Home Business Deflationary inflation, Eurizon explains the reason for the downward race in Treasury rates

Deflationary inflation, Eurizon explains the reason for the downward race in Treasury rates

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Continuation of the global cyclical recovery, together with growing attention on the future reduction of monetary stimuli by Central Banks. This is the reference scenario envisaged in the Eurizon monthly report on investment views, which confirms a low directional exposure approach, with neutral positions on the main risk assets, an underweight to duration for the US and Germany and a relative overweight to the Eurozone stock exchanges.
In this context, Eurizon’s monthly in-depth study is dedicated to “Deflationary inflation“. How is it possible that the sharp jump in US inflation in April and May did not drive long-term government rates up, but was instead followed by a fall?

“Inflation is, in fact, a consumer tax. It is sustainable if, and only if, consumer income grows in line with, or more than, the rise in prices. Otherwise it is a tax, and that’s it, that depresses the purchasing power. This is what is happening in the USA “explains Eurizon, according to which”the jump in consumer prices in April and May was not offset by a corresponding rise in wages, whose variation in real terms is largely negative. In this sense, inflation becomes deflationary, because by cutting purchasing power, it creates the conditions for a drop in consumption and therefore a slowdown in the economy ”.

The Fed’s unexpected move

The main novelty of the last period was the change in pitch by the Federal Reserve which now plans to raise rates in 2023, and no longer in 2024. “The program change was already discounted in futures on Fed Funds and has therefore created little volatility ”, reads the report. “It is no coincidence that the Fed has focused attention on the particular reasons that have pushed prices upwards, all linked to post-vaccination reopening, specifying that such a type of inflation should not be countered with higher rates, whose deflationary effect would be reinforced ”.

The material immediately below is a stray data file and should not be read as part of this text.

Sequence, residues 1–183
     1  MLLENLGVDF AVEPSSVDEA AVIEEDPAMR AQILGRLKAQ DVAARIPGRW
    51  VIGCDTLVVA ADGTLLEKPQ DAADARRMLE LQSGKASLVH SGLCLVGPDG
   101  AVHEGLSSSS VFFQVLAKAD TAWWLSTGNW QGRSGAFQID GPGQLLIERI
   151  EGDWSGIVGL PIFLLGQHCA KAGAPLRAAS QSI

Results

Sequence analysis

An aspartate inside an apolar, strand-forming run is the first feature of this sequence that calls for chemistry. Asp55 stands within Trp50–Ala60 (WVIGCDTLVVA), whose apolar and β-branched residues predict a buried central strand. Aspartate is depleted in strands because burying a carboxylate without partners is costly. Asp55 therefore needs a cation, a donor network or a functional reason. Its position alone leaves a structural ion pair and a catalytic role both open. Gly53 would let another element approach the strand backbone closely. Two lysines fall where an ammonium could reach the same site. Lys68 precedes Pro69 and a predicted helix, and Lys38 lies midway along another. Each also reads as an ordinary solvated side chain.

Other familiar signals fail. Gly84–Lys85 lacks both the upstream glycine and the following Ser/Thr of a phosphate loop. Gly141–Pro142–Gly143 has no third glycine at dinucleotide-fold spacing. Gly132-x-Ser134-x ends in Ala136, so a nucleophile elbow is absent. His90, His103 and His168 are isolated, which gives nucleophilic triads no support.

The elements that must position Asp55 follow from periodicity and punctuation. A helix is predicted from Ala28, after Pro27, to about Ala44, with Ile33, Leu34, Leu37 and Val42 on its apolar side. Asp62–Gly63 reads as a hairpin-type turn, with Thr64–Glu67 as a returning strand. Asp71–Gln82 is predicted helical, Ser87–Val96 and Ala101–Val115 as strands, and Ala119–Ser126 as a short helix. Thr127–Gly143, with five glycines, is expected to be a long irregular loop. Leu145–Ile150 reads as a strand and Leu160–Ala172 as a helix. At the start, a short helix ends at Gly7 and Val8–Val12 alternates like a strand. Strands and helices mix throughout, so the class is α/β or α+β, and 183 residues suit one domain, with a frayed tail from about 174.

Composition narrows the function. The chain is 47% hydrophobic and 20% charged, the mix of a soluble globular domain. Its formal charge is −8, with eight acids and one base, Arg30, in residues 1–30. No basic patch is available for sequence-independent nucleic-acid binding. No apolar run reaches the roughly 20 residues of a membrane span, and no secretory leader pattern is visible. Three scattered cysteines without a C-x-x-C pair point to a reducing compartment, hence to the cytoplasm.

Furthermore, continues Eurizon, “the Fed has also focused attention on the transience of the inflation flare-up, whose impact on the income of workers (consumers) will be offset as the bottlenecks linked to reopenings are dissolved and as the recovery of jobs will continue lost during the recession ”.

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What will central banks do?

“In the US, there are still about 8 million workers without employment compared to pre-Covid levels. At the rate of recent months, the unemployed will only be absorbed in autumn 2022 ”. It is a distant date, writes Eurizon, “which still deserves an ultra accommodating attitude, but it is understandable that the Fed wants plan in advance the way to reduce the stimulus, so as to avoid communication short circuits at the last minute. For this reason, in the FOMC of last June 16, the Fed anticipated the timing of the first rate hike to 2023 (no longer 2024) ”.
But before raising rates, the report reads, “Central Banks will have other opportunities to test the resilience of economies by reducing purchases of securities. The Fed will announce its intentions in the fall and it will reduce interventions, in all likelihood, in the first half of 2022, to interrupt them in the second. At that point, if the experiment is successful, the rate hike in the first half of 2023 will be a natural consequence “.
For the ECB, Eurizon concludes, “the calendar must be moved forward by three / six months. The securities purchase plan is expected until March 2022. Then it could continue, perhaps at a reduced pace, for at least another six months. And we would be in autumn 2022. For the rate hike, the ECB is unlikely to want to anticipate the Fed; in this case the central months of 2023 could be those candidates for the first move of Frankfurt (provided that in the meantime everything has gone well in the fight against the pandemic and in the recovery of the economy) ”.

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